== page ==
21. 21. Others <ul><li>Guidelines outlined in Gianna Israel and Donald Tarver's classic 1997 book &quot;Transgender Care&quot;. </li></ul><ul><li>Several LGBT health clinics in the United States (e.g. Tom Waddell in San Francisco, Callen Lorde in New York City, Mazzoni in Philadelphia) have developed “protocols” for transgender hormone therapy following a “harm reduction” model which is coming to be embraced by increasing numbers of providers. These are also called informed consent models. </li></ul><ul><li>In their 2005 book Medical Therapy and Hormone Maintenance for Transgender Men , Dr. Nick Gorton et al suggest a flexible approach based in harm reduction </li></ul>
  22. 22. Medical Transition <ul><li>Hormones </li></ul><ul><ul><li>Estrogen for MTFs </li></ul></ul><ul><ul><ul><li>Softening the skin </li></ul></ul></ul><ul><ul><ul><li>Redistributing body fat for feminine appearance </li></ul></ul></ul><ul><ul><ul><li>Reducing some body hair </li></ul></ul></ul><ul><ul><ul><li>Altering moods </li></ul></ul></ul><ul><ul><li>Testosterone for FTMs </li></ul></ul><ul><ul><ul><li>Lowering voice </li></ul></ul></ul><ul><ul><ul><li>Growth of body/facial hair </li></ul></ul></ul><ul><ul><ul><li>Redistributing body fat for masculine appearance </li></ul></ul></ul><ul><ul><ul><li>Ending menstrual cycle </li></ul></ul></ul>
  23. 23. Medical Transition <ul><li>Surgery </li></ul><ul><ul><li>No single “sex change” surgery </li></ul></ul><ul><ul><li>Surgery almost always excluded from health plans </li></ul></ul><ul><ul><li>Not every transgender person wants, or has surgery. </li></ul></ul><ul><ul><li>Whether or not someone has surgery should not make a difference in how they are treated. </li></ul></ul>
  24. 24. Social Transition <ul><li>Appearance </li></ul><ul><li>Name change (legal or not) </li></ul><ul><li>Pronoun change </li></ul><ul><li>Legal change of gender markers </li></ul><ul><ul><li>Driver’s license </li></ul></ul><ul><ul><li>Social Security Account </li></ul></ul><ul><ul><li>Passport </li></ul></ul><ul><ul><li>Birth Certificates </li></ul></ul>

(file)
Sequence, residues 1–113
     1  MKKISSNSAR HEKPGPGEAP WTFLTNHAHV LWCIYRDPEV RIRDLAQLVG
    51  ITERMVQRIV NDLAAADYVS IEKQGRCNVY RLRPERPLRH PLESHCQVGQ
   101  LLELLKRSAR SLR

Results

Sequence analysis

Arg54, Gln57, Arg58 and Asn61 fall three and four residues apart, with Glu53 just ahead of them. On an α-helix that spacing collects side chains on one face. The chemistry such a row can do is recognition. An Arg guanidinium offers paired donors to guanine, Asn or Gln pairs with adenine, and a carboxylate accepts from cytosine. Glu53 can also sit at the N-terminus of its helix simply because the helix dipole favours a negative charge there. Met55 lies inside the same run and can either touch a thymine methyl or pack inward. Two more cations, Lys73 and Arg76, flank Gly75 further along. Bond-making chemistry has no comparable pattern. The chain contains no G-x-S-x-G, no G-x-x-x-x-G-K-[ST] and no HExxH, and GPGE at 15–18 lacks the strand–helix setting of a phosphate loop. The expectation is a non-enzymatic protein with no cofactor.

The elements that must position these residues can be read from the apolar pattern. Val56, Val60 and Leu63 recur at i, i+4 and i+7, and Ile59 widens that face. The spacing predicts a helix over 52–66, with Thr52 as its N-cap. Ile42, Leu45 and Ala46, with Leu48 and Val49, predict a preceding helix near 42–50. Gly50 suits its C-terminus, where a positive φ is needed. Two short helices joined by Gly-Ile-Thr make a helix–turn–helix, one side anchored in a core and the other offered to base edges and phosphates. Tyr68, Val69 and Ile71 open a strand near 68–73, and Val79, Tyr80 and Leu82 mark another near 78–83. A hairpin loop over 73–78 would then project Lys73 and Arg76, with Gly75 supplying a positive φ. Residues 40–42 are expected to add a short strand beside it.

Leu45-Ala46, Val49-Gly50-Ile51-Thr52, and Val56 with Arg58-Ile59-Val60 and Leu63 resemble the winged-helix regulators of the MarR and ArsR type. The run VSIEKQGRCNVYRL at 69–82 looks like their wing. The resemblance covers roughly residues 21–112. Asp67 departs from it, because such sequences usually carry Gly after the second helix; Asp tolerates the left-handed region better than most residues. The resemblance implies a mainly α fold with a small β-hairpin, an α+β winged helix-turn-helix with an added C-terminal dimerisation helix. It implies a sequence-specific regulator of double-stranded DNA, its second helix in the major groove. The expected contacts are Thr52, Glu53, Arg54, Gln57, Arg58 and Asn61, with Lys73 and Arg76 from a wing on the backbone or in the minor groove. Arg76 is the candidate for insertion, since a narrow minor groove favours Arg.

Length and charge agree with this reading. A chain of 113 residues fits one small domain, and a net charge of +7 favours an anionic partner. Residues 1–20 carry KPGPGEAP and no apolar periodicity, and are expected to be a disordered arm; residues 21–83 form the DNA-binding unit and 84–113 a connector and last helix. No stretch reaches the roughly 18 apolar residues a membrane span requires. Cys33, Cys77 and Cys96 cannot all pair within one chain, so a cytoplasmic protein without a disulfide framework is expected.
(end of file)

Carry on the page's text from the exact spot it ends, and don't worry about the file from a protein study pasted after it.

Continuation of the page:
25. 25. Why Do People Decide to Transition? <ul><li>Seeking a sense of well-being </li></ul><ul><li>Wholeness </li></ul><ul><li>Quality of life </li></ul><ul><li>Therapeutic treatment for distress </li></ul>
  26. 26. Why Would Someone Decide Not To Transition? <ul><li>Feel their lives would not be improved by transitioning </li></ul><ul><li>Unwilling to risk loss of family, job, etc. </li></ul><ul><li>Feel medical risks are too high, or have medical conditions that prevent them from taking hormones or having surgeries. </li></ul><ul><li>Expensive (no insurance coverage) </li></ul>
  27. 27. Costs of Not Transitioning <ul><li>While there are many costs associated with transitioning, there is also a cost when people who desire it do not do so . They may live a lifetime in which they never feel congruence between their body and their sense of self. They may be depressed and unhappy, or even suicidal, because they are not able to dress, live or work as they are comfortable. They may not have the opportunity to fulfill their dreams or live as they wish to live. </li></ul>
  28. 28. Life Cycle Issues For Trans Individuals <ul><li>Trans youth face additional stressors </li></ul><ul><li>(conformity, and coming out) </li></ul><ul><li>Transgender young adults (social life revolving around bars and substance use settings) </li></ul><ul><li>Coupling </li></ul><ul><li>Parenting </li></ul><ul><li>Aging </li></ul><ul><li>Treatment Providers need to consider a T client’s partner, children, family of origin and family of choice when providing care! </li></ul>
  29. 29. Stigma, Violence, and Mental Health <ul><li>Discrimination against LGBT persons has been associated with: </li></ul><ul><ul><li>high rates of psychiatric disorders 1 </li></ul></ul><ul><ul><li>substance abuse 2, 3 </li></ul></ul><ul><ul><li>Suicide 4 </li></ul></ul><ul><li>Personal, family, and social acceptance of sexual orientation and gender identity affects the mental health and personal safety of LGBT individuals 5 </li></ul>1. McLaughlin KA, Hatzenbuehler ML, Keyes KM. Responses to discrimination and psychiatric disorders among black, Hispanic, female, and lesbian, gay, and bisexual individuals. Am J Public Health. 2010;100(8):1477-84. 2. Ibanez GE, Purcell DW, Stall R, et al. Sexual risk, substance use, and psychological distress in HIV-positive gay and bisexual men who also inject drugs. AIDS. 2005;19(suppl 1):49-55. 3. Herek GM, Garnets LD. Sexual orientation and mental health. Annu Rev Clin Psychol. 2007;3:353-75. 4. Remafedi G, French S, Story M, et al. The relationship between suicide risk and sexual orientation: Results of a population-based study. Am J Public Health. 1998;88(1):57-60. 5. US Department of Health and Human Services. Healthy People 2010. [Internet]. Available from: http://www.hhs.gov
  30. 30. Transgender Clients May Be Coping With: <ul><li>Coming out </li></ul><ul><li>Accessing physical and mental health services including transition related services </li></ul><ul><li>HIV/AIDS </li></ul><ul><li>Discrimination and violence </li></ul><ul><li>Transphobic family members, employers, and work colleagues </li></ul>